If you are a Bernie fan on the evening of Mega Tuesday, March 15, you are either looking to slit your wrists or punch a wall because not only has Bernie lost four of tonight’s five primaries, but to add insult to injury he is being edged out in the remaining open race in Missouri. How can Bernie still win? Is there even a shot? There are good and bad news. Since all of those pulling for a Bernie nomination have been bruised and battered, I am going to start with the good news.
One, the Southern Firewall is behind us. There is only one southern state left on the calendar, and it’s Kentucky. Arguably, it’s not necessarily a southern state because Kentucky was never in the Confederacy, and its cultural disposition and percent of African Americans is closer to Missouri than Alabama. Secondly, there are 2020 pledged delegates left (49.9% of all the pledged delegates at the Democratic National Convention) to be won in 24 states and a handful of US Territories including the big one, Puerto Rico. Thirdly, even after this terrible night, Bernie Sanders has won 53% of all delegates outside of the South so far, which means we have proven that we can win a majority of them.
Ready for the bad news? Probably not, but here it is. If we fail this time, there is nothing a Bernie Nomination scenario can fall back on. There is zero room for error, and if you haven’t become involved in the campaign either by way of donating, phone banking, or volunteering, you will have to be in order for this to have a shot. If you have been involved in such ways, you will have to increase it.
The Delegate Math for a Bernie Nomination
We are Bernie supporters, so we know the super delegates are never going to help get us over the top if we fall short in getting a majority of the pledged delegates. In fact, if we can get to a pledged delegate majority, we will have to brow beat the Party elites into not overturning it and handing the nomination to Hillary Clinton. So at a very minimum, Bernie needs to win 2026 pledged delegates.
Up until March 15th, Bernie earned a total of 552 pledged delegates according to Nate Silver’s best estimate, which is 223 delegates fewer than Clinton. According to tonight’s news networks, Bernie has lost Florida by roughly 30%, North Carolina and Ohio by approximately 14%, Illinois by 1.5% and Missouri by the smallest of margins, 0.2%. Since every single primary and caucus in the Democratic race awards delegates proportionally, we can make a fairly accurate estimate that after tonight, Bernie will go down to trailing Clinton by 321 delegates, give or take a delegate.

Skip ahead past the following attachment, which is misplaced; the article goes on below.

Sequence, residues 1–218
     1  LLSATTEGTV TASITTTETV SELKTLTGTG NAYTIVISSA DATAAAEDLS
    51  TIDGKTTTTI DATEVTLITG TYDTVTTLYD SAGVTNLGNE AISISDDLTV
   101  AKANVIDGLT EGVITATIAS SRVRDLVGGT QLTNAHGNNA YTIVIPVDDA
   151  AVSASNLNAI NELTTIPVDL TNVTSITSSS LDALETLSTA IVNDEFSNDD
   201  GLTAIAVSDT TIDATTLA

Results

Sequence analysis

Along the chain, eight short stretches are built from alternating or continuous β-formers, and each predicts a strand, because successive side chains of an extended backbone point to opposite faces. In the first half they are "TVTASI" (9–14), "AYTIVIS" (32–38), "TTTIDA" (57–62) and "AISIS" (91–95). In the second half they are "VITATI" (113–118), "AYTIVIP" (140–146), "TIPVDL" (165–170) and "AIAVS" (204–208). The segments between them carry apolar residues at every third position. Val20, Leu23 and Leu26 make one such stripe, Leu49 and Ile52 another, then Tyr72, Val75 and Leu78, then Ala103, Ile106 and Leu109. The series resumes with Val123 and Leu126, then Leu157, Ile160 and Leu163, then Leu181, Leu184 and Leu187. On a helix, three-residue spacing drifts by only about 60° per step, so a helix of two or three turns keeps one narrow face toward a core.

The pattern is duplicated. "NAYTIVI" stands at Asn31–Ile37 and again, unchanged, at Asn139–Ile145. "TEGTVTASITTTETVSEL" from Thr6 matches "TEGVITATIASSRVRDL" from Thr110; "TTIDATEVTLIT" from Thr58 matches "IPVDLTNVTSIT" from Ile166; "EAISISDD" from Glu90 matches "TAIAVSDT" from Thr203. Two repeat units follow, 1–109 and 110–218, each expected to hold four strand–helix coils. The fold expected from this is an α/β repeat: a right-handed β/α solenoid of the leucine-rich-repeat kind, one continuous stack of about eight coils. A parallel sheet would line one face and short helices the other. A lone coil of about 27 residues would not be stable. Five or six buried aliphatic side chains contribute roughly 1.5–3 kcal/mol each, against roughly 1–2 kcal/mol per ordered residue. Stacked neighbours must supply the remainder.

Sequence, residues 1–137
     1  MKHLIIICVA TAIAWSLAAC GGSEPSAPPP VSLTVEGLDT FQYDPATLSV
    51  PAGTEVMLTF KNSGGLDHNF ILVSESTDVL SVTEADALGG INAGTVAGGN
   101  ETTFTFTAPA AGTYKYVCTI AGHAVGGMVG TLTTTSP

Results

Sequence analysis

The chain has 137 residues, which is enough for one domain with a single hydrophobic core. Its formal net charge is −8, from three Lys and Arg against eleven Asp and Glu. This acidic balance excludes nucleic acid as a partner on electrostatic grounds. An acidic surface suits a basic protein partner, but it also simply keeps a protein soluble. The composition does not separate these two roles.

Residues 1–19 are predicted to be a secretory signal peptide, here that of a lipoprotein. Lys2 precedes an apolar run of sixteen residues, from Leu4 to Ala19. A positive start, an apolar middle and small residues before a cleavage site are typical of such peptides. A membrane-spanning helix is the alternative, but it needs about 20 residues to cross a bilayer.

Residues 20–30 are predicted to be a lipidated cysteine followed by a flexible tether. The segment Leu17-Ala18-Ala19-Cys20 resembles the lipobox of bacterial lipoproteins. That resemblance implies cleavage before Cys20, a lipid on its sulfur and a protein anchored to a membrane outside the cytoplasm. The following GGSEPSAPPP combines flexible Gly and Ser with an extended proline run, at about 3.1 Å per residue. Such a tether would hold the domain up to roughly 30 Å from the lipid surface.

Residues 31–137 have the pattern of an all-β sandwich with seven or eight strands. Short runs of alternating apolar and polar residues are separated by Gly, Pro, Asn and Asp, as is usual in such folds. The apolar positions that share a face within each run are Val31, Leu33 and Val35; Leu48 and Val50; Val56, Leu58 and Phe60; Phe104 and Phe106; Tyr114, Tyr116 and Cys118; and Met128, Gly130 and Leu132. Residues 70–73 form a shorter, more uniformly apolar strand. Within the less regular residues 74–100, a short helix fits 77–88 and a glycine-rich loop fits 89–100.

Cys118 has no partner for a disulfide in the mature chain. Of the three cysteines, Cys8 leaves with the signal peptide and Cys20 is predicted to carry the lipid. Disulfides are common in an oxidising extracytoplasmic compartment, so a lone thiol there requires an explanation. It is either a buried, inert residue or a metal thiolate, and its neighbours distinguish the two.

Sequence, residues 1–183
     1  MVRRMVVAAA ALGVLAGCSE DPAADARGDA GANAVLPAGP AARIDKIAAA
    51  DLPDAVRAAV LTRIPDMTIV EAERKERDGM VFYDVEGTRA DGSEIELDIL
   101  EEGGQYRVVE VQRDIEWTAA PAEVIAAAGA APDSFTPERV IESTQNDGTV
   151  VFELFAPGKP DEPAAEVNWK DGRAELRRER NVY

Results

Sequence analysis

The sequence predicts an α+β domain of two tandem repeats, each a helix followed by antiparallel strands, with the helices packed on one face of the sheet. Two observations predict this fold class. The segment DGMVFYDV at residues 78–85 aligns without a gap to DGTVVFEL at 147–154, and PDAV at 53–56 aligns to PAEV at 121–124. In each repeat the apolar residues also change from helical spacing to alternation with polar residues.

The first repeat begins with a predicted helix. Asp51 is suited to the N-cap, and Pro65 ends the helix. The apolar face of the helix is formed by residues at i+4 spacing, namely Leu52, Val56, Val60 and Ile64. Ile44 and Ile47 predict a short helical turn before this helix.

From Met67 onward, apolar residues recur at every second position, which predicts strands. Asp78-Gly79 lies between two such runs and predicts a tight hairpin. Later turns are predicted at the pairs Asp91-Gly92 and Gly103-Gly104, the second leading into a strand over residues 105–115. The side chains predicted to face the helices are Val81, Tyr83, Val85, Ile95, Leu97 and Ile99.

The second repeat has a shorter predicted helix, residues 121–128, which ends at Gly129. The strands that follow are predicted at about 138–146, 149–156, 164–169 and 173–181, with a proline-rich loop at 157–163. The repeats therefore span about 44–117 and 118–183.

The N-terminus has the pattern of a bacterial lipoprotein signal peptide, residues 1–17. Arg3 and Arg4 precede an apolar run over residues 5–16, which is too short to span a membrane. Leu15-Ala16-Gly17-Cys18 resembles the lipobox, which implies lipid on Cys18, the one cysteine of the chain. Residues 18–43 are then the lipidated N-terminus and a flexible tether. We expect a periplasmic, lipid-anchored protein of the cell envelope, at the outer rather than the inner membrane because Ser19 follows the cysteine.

The next eight contests are crucial to build the momentum necessary for Bernie to start winning the remaining states by the necessary margins to win back the pledged delegate lead. Beginning on March 22 until April 9, the Democrats will have 6 caucuses and 2 primaries where the population consists of white liberals, Latinos whose establishment has lined up behind Bernie, or Asians whose elected leaders have also lined up behind him. Beginning in Arizona’s primary, white liberals, California expatriates and Latinos will kick off this contest. There, Congressman Raul Grijalva has been an early supporter of Bernie’s and has lined up other Latino Democratic establishment support. On that day, Utah and Idaho will also hold their caucuses. Four days later, Alaska, Hawaii and Washington hold their caucuses which are also dominated by white liberals, except Hawaii’s where Congresswoman Tulsi Gabbard, who endorsed Bernie at considerable political cost, will likely help to deliver a win. Over the following two weeks the state which is the birthplace of the progressive movement, Wisconsin, will hold its primary followed by the last caucus in a heavily white state, Wyoming.